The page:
Sammy Hagar got an early sign of how contentious his 2004 reunion with Van Halen would be when he was banned from wearing Cabo Wabo clothing onstage.

Hagar and his Van Halen bandmates launched the Cabo Wabo cantina in 1990 in Cabo San Lucas, Mexico after the singer fell in love with the town. Years later, with the club in financial and legal distress, Hagar bought out his bandmates' interests. He was not only able to turn around the venue's fortunes but also launched a highly successful tequila brand under the same name. He departed Van Halen in 1996 after a series of escalating creative and career path disagreements.

"At the time they didn't care [about Cabo Wabo]," Hagar explained in his book Red: My Uncensored Life in Rock. "But by the reunion, the tequila was everywhere and people were always coming up and talking about the cantina. It drove them nuts."

According to Hagar, the Van Halen brothers went to great lengths to keep Hagar's brand name off their stage. "They put it in the contract that I could not wear any Cabo Wabo T-shirts onstage or mention anything about the tequila or the cantina on the mike."

However, the Red Rocker immediately came up with a backup plan. "I went straight to a tattoo parlor and I got this giant Cabo Wabo tattoo on my shoulder. I knew we would be carrying giant video screens and that, as the lead vocalist, I was going to get plenty of close-ups on those giant video screens. I didn't need a t-shirt."

He hid his new and still-healing tattoo from his bandmates by wearing long-sleeve shirts during rehearsals. Bassist Michael Anthony knew the secret and seized on the chance to mess with his friend, jokingly slapping him on the shoulder every chance he got. "It hurt like a mother with all that black in the tattoo," Hagar recalled.

When the tour kicked off on June 11, 2004 in Greensboro, N.C. the tattoo turned out to be the least of Hagar's problems. Eddie Van Halen was in the midst of a severe substance abuse battle, frequently rendering the normally dazzling guitarist incapable of performing up to his usual standards during the concerts - and prone to violent and emotional outbursts offstage. “I was just hoping it was going to be great and everybody was going to be happy and a big love fest and just go at it again," Hagar told NBC in 2011, "but it wasn’t that at all. It was the complete opposite."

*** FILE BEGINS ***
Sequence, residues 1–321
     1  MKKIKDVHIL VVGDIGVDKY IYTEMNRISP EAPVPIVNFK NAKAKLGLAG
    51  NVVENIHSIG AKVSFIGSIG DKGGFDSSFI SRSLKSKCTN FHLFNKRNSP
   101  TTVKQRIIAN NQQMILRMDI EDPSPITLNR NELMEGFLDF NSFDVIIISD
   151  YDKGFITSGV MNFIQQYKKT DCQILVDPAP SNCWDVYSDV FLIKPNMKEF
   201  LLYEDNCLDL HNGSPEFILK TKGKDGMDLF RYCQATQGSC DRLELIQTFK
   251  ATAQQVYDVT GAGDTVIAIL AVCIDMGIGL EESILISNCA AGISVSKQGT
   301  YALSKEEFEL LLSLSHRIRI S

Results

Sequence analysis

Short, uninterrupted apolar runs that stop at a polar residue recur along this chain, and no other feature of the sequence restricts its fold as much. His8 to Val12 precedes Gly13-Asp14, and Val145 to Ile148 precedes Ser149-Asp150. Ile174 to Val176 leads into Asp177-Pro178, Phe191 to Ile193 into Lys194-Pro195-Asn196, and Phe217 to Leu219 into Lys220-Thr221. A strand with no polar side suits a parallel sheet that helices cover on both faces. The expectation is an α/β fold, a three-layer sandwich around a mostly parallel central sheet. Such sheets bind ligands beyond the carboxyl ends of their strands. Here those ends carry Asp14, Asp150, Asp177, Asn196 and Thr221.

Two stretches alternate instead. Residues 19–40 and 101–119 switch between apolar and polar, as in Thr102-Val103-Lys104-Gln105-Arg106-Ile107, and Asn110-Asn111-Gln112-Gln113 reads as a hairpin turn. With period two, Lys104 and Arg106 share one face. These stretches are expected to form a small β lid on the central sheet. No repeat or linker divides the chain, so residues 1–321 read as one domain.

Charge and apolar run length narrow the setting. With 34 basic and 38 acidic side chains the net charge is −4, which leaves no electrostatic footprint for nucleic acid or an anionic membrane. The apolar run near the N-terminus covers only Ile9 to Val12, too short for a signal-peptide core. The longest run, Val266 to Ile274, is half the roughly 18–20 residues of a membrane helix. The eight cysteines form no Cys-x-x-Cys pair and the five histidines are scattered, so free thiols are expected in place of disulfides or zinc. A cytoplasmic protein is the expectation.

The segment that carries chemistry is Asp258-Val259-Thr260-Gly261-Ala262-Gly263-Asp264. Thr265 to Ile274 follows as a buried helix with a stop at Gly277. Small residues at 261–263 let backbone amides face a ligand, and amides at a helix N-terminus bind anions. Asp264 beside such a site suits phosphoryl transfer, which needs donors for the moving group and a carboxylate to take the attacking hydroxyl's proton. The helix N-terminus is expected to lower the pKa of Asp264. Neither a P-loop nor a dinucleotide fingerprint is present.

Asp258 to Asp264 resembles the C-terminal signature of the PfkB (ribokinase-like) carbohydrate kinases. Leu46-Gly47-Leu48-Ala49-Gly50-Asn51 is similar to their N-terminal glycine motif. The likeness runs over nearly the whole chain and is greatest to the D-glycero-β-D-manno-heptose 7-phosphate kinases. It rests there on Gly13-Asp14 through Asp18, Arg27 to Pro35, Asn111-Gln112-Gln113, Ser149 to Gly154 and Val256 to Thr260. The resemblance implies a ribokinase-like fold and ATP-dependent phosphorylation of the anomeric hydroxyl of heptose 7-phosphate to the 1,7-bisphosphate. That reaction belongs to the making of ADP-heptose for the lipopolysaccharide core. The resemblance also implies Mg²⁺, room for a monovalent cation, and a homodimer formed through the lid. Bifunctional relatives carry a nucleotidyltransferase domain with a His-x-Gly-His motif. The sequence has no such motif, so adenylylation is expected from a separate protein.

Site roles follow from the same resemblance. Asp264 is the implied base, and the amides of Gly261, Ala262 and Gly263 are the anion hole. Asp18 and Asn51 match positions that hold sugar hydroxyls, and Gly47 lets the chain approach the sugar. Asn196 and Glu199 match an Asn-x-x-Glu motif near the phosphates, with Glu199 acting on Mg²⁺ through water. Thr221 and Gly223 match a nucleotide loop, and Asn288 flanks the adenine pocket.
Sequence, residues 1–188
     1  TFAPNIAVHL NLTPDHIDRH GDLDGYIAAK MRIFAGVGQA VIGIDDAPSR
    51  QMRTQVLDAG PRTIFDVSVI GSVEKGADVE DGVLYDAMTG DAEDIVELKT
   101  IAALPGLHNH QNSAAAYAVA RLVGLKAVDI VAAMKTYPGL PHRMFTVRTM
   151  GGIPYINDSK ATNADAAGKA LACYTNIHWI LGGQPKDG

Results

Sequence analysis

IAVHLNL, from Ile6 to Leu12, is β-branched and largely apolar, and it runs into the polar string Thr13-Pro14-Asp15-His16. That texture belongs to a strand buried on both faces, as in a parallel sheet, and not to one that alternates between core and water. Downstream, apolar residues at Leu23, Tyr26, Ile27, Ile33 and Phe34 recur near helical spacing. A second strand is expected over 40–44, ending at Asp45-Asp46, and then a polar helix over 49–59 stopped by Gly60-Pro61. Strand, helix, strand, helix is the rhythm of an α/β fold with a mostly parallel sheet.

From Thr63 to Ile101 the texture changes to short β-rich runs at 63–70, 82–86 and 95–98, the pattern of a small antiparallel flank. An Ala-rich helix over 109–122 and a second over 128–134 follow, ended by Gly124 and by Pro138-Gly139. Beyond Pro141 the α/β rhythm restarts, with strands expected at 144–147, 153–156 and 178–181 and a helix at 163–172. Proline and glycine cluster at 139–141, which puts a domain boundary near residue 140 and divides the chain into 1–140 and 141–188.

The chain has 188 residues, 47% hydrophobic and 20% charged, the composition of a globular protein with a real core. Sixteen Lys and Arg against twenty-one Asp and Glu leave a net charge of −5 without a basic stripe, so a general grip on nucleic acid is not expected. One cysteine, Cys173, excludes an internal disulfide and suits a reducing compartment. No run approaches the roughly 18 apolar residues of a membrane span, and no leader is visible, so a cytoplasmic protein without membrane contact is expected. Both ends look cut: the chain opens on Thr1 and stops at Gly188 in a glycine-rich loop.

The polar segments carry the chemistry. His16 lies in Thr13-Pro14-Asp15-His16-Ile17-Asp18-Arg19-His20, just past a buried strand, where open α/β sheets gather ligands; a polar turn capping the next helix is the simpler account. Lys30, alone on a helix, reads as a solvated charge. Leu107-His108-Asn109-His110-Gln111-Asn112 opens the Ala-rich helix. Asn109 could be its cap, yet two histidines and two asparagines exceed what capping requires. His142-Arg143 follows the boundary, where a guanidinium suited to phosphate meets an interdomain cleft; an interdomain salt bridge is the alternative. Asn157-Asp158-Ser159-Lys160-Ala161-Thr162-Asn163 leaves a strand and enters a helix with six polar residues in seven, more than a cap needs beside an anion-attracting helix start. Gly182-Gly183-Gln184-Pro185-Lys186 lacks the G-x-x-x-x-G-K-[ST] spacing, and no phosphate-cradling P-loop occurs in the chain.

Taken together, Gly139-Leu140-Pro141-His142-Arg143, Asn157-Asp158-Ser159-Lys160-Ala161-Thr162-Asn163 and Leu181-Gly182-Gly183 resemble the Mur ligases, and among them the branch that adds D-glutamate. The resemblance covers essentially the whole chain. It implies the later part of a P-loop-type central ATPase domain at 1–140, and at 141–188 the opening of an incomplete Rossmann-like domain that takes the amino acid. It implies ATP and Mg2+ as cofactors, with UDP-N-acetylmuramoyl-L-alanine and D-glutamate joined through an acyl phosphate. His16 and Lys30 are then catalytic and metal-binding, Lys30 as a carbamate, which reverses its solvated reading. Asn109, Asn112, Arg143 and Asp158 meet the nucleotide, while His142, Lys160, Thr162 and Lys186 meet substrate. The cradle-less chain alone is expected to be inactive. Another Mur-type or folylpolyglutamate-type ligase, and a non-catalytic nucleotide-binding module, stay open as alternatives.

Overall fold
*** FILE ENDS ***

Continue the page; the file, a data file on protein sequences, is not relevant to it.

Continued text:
Hagar attempted to quit the tour just a few shows in, but was forced to ride it out when his lawyer pointed out that according to the terms of the contract he could be liable for upwards of $5 million in lost income penalties.

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Just before the last show - Nov. 19 in Tuscon - Hagar says Eddie made a futile attempt to cover up Hagar's Cabo Wabo tattoo. "He came up to me before the show and rolled my sleeve down over my tattoo. I didn't even acknowledge him. I just rolled it back up. He rolled it back down. I rolled it back up. 'Don't be fucking with my shirt, dude,' I said."

The band barely made it through the concert. "It was the worst show we'd ever done in our lives. ...I went straight to my plane after the show and home to San Francisco," Hagar recalled in his 2011 book. "I never spoke to him again after telling him to keep his hand off my shirt."

Hagar and Van Halen eventually reconciled, shortly before the guitarist's 2020 death. In 2007, Hagar sold an 80% interest in his Cabo Wabo tequila brand for a whopping $80 million. Three years later, he sold his remaining stake for another $11 million. The singer still owns the Cabo Wabo cantina and performs there for his annual birthday celebration concerts.

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Gallery Credit: Matthew Wilkening, except as noted below.

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